The "Hard-a-Starboard" Scenario 7.5 Second Increments Shown on a 500' X 500' Grid
What Do the Turning Model Results Say? A turn of "hard-a-starboard" 37 seconds before collision with no other corrective action would have likely produce severe damage along the entire starboard side.
Reality and Contradiction QM HICHENS AT THE AMERICAN INQUIRY QM Hichens: "The sixth officer repeated the order, "The helm is hard astarboard, sir." But, during the time, she was crushing the ice, or we could hear the grinding noise along the ship's bottom. I heard the telegraph ring, sir." QM HICHENS' FIRST RESPONSE AT THE BRITISH INQUIRY 951. Had you time to get the helm hard a starboard before she struck? - [QM Hichens] No, she was crashing then. QM HICHENS' CONTRADICTION 957. Before the vessel struck had you had time to get the wheel right over? - [QM Hichens] The wheel was over then, hard over. 958. (The Commissioner.) Before she struck? - Oh yes, hard over before she struck.
Some Reality Checks QM Alfred Olliver: "I know the orders I heard when I was on the bridge was after we had struck the iceberg. I heard hard aport, and there was the man at the wheel and the officer. The officer was seeing it was carried out right." AB Seaman Joseph Scarrott: "Under port helm. Her stern was slewing off the iceberg. Her starboard quarter was going off the iceberg, and the starboard bow was going as if to make a circle round it." Fireman Alfred Shiers: "I saw the berg that was going away...on the starboard quarter, off the stern."
Some Reality Checks Some Reality Checks Was the Iceberg Really Dead Ahead? This sketch (shown here with inverted colors) was drawn by Lookout Frederick Fleet to show how the berg appeared when first sighting. Notice how he placed the berg slightly off the starboard bow of the ship, not dead ahead of her. Fleet occupied the port side of crow's nest while Lee had the starboard side. Despite what he told Senator Smith, this view may explain an apparent delay in getting an immediate response from the bridge when the 3 bell warning was given. Senator SMITH. They swung the ship's bow away from the object? Mr. FLEET. Yes; because we were making straight for it.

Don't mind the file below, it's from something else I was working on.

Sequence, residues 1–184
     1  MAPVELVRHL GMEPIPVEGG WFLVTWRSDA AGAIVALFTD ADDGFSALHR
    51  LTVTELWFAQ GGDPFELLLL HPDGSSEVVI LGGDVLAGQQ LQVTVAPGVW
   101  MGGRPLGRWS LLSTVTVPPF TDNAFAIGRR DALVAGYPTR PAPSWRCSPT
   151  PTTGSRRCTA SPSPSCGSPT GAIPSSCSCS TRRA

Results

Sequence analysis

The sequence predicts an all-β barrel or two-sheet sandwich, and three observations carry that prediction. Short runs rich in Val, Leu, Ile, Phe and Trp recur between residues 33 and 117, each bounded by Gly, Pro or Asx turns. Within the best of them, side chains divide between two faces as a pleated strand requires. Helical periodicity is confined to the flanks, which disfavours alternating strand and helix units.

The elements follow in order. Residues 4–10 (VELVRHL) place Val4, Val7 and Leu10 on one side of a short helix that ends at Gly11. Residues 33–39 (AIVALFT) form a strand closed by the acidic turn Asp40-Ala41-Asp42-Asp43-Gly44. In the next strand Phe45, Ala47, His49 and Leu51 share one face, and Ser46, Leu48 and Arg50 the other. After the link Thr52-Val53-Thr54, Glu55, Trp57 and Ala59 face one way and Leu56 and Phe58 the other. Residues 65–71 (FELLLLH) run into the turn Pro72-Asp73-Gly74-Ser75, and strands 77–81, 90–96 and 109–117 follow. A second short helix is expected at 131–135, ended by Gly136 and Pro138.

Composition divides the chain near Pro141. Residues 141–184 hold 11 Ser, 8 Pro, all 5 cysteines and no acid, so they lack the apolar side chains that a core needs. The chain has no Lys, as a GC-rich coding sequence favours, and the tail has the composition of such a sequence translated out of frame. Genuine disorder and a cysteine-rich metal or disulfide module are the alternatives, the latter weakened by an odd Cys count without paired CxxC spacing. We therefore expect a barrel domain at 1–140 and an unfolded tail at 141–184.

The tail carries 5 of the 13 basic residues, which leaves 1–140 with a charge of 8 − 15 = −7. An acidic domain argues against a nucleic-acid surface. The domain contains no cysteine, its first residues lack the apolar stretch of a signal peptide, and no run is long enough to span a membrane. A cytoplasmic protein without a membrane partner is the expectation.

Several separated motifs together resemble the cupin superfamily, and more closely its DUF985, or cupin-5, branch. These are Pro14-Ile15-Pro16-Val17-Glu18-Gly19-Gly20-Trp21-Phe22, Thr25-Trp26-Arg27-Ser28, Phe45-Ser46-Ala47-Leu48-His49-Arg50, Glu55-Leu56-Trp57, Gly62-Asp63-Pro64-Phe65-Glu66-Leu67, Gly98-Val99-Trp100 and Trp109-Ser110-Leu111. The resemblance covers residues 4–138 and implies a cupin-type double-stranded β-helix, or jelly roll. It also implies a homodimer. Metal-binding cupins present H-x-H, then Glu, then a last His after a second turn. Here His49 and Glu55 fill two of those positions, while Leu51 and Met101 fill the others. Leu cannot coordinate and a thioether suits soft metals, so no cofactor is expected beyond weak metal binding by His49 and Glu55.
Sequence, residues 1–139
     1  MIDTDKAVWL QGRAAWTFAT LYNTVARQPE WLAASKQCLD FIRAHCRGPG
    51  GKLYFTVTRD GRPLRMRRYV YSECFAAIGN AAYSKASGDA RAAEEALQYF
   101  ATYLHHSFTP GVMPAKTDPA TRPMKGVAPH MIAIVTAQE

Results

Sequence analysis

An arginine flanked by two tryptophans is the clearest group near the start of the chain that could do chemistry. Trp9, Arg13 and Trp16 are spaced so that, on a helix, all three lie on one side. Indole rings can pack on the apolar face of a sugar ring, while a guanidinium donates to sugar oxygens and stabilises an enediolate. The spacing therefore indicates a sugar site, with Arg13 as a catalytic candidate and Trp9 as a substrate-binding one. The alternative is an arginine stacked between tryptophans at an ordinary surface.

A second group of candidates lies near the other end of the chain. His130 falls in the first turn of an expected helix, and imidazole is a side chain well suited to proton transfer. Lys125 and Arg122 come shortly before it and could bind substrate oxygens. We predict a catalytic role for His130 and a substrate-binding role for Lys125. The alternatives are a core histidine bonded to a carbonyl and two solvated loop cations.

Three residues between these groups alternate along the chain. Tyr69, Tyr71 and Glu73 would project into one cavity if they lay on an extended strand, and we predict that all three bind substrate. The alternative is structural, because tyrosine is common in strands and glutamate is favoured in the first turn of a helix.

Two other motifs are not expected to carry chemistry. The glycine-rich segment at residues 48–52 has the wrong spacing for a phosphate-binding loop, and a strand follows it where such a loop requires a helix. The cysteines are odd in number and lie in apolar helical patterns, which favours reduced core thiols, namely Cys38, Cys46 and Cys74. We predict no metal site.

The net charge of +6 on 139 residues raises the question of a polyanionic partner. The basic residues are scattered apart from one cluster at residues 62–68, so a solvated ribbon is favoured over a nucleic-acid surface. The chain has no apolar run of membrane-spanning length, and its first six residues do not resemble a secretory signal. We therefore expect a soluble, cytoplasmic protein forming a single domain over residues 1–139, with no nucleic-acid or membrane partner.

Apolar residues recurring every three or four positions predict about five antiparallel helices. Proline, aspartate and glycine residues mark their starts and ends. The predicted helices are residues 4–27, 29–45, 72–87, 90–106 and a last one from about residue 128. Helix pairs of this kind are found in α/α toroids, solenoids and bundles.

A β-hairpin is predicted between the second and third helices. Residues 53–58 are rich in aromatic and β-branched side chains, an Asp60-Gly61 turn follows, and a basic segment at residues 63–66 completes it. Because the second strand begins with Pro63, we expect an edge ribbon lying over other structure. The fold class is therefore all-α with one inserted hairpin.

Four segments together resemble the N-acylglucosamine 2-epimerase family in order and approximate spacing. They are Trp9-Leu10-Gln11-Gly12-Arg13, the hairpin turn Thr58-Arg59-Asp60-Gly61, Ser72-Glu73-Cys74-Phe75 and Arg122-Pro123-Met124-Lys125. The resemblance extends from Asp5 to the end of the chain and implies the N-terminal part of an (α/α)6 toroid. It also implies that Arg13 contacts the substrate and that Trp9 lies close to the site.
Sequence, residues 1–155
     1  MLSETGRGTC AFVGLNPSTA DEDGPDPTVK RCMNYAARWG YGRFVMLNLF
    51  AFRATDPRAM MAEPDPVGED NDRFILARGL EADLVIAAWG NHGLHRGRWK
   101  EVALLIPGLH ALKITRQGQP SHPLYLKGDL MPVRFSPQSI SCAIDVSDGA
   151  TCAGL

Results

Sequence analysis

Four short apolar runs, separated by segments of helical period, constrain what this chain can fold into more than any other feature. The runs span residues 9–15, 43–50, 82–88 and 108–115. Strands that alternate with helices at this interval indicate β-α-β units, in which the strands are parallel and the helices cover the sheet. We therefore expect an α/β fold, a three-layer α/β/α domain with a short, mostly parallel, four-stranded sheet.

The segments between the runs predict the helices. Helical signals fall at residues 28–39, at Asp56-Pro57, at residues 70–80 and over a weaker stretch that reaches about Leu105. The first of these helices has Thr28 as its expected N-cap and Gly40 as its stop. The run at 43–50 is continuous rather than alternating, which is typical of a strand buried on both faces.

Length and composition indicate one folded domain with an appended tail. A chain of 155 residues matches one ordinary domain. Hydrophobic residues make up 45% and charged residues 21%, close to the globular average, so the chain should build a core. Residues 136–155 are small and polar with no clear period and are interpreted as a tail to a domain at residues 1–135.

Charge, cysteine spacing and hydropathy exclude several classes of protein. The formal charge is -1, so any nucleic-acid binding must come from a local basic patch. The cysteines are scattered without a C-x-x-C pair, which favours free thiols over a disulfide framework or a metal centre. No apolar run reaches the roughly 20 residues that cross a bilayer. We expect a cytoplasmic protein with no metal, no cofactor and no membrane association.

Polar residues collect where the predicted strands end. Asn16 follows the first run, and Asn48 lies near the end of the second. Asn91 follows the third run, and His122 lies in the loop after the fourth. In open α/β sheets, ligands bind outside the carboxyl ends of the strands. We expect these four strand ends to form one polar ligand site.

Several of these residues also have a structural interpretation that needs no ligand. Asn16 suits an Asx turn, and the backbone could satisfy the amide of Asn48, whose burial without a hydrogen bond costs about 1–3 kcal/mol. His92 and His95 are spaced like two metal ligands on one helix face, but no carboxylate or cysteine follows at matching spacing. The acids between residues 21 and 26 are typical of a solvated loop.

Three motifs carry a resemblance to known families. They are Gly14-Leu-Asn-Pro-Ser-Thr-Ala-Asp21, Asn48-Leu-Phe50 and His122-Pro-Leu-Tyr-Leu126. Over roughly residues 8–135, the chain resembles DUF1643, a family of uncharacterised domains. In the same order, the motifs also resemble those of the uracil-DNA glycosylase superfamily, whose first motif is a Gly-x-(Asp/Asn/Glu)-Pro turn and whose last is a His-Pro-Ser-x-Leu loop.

Time From 3-Bell Lookout Warning to Collision Lookout Fredrick Fleet: "I saw this black thing looming up; I didn’t know what it was. I asked Lee if he knew what it was. He couldn’t say. I thought I better ring the bell. I rang it three times." [Interview with Leslie Reade] QM Robert Hichens: "[The first notice that there was something ahead was] three gongs from the crow's-nest, Sir...Well, as near as I can tell you, [it was] about half a minute [before the order came 'Hard-astarboard']." [British Inquiry 969-973] QM Alfred Olliver: "When I was doing this bit of duty I heard three bells rung up in the crow's nest, which I knew that it was something ahead...When I heard the report, I looked, but could not see anything, and I left that and came was just entering on the bridge just as the shock came." [American Inquiry] IT TAKES ABOUT 45 SECONDS ON AVERAGE TO WALK FROM THE STANDARD COMPASS PLATFORM TO THE BRIDGE NOT COUNTING REACTION TIME. Time from 3-bell lookout warning to collision would be about 50-60 seconds based on QM Olliver's reported actions. Iceberg spotted some short time earlier by Frederick Fleet. We really don't know what time Murdoch first spotted the iceberg.
"Port-around" Scenario — Did It Happen Like This? "Port-around" Scenario — Did It Happen Like This? 3.75 Second Increments Shown on 250' X 250' grid
SUMMARY AND CONCLUSIONS A turning model was developed for SS Titanic based on reported observations of Titanic and Olympic and generic ship maneuvering characteristics Model applied to a spread sheet for analysis model uses realistic parameters such as speed reduction in a turn and drift angle data gives heading angle, course angle, and X-Y coordinates as function of time results allow for animation analysis The classic collision where the ship sideswipes an iceberg 37 seconds following a "hard-a-starboard" order does not hold up. Several alternative scenarios have been considered a port-around type of maneuver a delayed hard-a-port only maneuver The model can be easily extended to look at other scenarios